Mike Gore presenting in theatre

Through Questacon and its long-running outreach programs, Professor Gore reached millions of people with exciting opportunities to engage with science, and re-shaped science communication in Australia. His legacy lives on today at Questacon.  

Born in England in 1934, Professor Gore studied electrical engineering at Leeds University, completing his PhD in 1960. Following post-doctoral studies in the United States, he moved to Australia, where for 25 years, he taught physics at the Australian National University.

A turning point came in 1975, when Professor Gore visited San Francisco’s Exploratorium, a groundbreaking science museum with a ‘library of experiments’ for visitors to explore. It was a revelation, as he told The Canberra Times in 2015: “Like many other people around the world I stopped and said ‘wow’ and came back to Australia and said, ‘We've got to have one of those’.”  

Mike Gore at Gala Event

In 1980, Professor Gore made his vision a reality, opening the southern hemisphere’s first interactive science centre – Questacon. It started small, with just 15 hands-on exhibits in an unused building at Ainslie Public School, staffed by volunteers. Nevertheless, the centre proved popular with school groups and the community alike. In 1983, Professor Gore was awarded a Churchill Fellowship to study scientific exhibits at major science centres around the world. With the aim of increasing the scope of the Questacon Centre, Professor Gore drew upon knowledge and inspiration from his study tour supported by the Winston Churchill Trust to Canada, France, Germany, Netherlands, UK and the USA. In 1988, Questacon was reborn as Australia’s first National Science and Technology Centre, with a custom-built facility in Canberra’s Parliamentary Zone.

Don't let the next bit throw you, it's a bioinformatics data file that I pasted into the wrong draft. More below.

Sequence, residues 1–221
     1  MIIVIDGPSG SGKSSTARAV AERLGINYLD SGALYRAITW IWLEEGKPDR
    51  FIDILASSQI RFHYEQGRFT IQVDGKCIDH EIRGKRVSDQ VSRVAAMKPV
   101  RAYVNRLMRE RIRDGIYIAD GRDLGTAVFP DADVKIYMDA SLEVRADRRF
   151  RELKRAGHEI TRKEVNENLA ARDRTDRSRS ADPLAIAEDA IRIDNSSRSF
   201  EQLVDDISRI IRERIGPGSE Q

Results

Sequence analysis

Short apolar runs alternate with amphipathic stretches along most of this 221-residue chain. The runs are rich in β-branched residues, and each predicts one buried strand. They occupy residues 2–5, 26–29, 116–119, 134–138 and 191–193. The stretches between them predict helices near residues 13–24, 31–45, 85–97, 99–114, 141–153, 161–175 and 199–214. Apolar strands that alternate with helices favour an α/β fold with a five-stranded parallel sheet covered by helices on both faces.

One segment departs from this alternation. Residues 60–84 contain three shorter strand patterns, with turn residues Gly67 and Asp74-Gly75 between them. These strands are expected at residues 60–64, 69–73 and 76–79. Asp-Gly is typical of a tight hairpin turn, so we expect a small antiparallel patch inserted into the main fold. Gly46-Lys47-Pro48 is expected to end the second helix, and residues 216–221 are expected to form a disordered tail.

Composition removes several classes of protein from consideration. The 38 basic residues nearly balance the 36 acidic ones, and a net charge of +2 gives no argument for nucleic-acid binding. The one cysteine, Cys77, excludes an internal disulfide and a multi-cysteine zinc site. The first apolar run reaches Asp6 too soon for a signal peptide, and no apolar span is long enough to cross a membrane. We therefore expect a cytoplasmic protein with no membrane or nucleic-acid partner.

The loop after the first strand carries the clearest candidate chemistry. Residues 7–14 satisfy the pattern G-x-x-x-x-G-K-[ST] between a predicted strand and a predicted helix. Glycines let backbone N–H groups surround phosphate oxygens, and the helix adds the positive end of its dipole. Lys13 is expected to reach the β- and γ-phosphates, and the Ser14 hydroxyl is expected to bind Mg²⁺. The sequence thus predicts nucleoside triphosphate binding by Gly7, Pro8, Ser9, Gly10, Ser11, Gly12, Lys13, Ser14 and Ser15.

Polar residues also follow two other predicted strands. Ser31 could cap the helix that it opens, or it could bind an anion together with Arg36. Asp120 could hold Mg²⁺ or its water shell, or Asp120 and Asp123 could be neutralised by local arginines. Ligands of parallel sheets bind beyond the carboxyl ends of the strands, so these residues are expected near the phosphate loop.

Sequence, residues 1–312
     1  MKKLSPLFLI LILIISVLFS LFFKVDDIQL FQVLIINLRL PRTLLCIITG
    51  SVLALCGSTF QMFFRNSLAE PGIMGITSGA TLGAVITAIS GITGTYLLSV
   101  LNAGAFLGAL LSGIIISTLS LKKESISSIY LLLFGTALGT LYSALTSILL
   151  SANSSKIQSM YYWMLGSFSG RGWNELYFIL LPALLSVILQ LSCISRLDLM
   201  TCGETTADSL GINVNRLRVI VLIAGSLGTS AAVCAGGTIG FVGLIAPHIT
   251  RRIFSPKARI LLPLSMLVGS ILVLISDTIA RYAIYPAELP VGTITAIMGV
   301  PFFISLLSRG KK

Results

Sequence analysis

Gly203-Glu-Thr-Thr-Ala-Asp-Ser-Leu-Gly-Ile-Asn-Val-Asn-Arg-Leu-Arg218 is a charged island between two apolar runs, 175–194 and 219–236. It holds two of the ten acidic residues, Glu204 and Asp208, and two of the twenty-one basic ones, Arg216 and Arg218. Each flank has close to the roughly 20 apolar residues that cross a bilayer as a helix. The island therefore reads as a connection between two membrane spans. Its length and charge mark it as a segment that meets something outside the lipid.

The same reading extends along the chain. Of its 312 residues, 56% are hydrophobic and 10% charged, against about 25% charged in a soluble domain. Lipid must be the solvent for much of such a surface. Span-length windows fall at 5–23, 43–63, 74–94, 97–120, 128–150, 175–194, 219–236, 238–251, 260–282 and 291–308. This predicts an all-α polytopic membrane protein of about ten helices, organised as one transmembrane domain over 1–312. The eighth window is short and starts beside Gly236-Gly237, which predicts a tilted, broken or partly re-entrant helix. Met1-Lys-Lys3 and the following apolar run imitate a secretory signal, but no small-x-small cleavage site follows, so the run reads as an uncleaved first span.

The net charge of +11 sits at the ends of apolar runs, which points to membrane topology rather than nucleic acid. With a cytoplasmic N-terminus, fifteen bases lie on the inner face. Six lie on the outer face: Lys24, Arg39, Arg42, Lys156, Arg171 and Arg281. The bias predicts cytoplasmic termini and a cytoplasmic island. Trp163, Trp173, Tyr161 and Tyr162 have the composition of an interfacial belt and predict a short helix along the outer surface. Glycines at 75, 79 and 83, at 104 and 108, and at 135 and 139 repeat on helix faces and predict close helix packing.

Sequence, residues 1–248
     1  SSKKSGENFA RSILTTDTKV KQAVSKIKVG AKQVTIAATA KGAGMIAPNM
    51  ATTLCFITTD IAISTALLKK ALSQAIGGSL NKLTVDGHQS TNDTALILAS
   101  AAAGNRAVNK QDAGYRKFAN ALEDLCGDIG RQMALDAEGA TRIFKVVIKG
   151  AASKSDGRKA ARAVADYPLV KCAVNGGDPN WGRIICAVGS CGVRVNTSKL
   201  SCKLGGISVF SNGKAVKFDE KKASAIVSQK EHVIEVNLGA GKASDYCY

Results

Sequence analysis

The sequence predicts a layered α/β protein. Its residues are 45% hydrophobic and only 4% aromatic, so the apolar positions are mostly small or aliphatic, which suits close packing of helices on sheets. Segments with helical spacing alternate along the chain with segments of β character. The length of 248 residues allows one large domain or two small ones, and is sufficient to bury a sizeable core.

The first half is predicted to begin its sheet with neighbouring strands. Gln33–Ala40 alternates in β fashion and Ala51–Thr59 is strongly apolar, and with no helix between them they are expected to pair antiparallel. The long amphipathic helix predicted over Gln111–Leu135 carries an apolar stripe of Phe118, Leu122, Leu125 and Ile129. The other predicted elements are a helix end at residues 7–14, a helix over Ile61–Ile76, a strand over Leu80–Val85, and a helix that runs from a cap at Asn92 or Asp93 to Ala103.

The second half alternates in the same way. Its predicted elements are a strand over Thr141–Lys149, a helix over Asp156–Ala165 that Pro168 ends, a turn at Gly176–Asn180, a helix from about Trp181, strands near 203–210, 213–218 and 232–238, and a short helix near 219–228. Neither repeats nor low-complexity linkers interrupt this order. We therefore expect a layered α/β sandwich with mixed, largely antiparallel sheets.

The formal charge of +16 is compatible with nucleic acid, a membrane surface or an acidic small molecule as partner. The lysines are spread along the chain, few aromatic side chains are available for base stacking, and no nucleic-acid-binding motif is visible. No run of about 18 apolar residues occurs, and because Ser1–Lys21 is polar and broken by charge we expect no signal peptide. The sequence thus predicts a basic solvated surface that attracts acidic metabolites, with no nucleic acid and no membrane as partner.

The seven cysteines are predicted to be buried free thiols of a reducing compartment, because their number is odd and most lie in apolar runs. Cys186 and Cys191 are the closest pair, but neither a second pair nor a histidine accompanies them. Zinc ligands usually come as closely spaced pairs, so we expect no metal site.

Radically for his time, Professor Gore understood that fun mattered: it sparks engagement, which lays a foundation for learning. For him, centres like Questacon offered an exciting brush with science to inspire wonderment and curiosity. “Science centres are not there to teach; schools and universities are there to teach. Science centres are there to inspire and make people think, change people's perceptions,” Professor Gore said in 2015, “To make people think, ‘Oh here is an exciting and interesting subject, I never realised that was connected to that’.” 

Mike Gore with Show props

From the beginning, Professor Gore was passionate about bringing Questacon’s brand of hands-on science engagement out of Canberra and into communities across the country. In 1985 he founded Questacon’s first outreach program, the Questacon Science Circus. What began as a handful of exhibits in a rented van is now the world’s longest running and most travelled science outreach program. As well as reaching more than three million people in even the most remote corners of Australia, the Science Circus has produced hundreds of graduates who are now trained and passionate science communicators. This success was among Professor Gore’s proudest achievements. 

Professor Gore’s immense contribution has been recognised with a number of honours and awards. For his services to science education, he was made Canberran of the Year in 1983, a Member of the Order of Australia in 1986, and an Officer of the Order of Australia in 2015.  

Professor Gore’s legacy endures, both in Questacon’s work and in the lives of the countless people he influenced, including Questacon staff, volunteers and visitors. It is because of his vision and drive that Questacon is here today, and continues to inspire new generations with the wonders – and fun – of science and learning. 

Professor Mike Gore AO (1934–2022) was the founder of Questacon and its Director from 1988 to 1999. In 1995, he established the ANU’s National Centre for the Public Awareness of Science, where he was Adjunct Professor.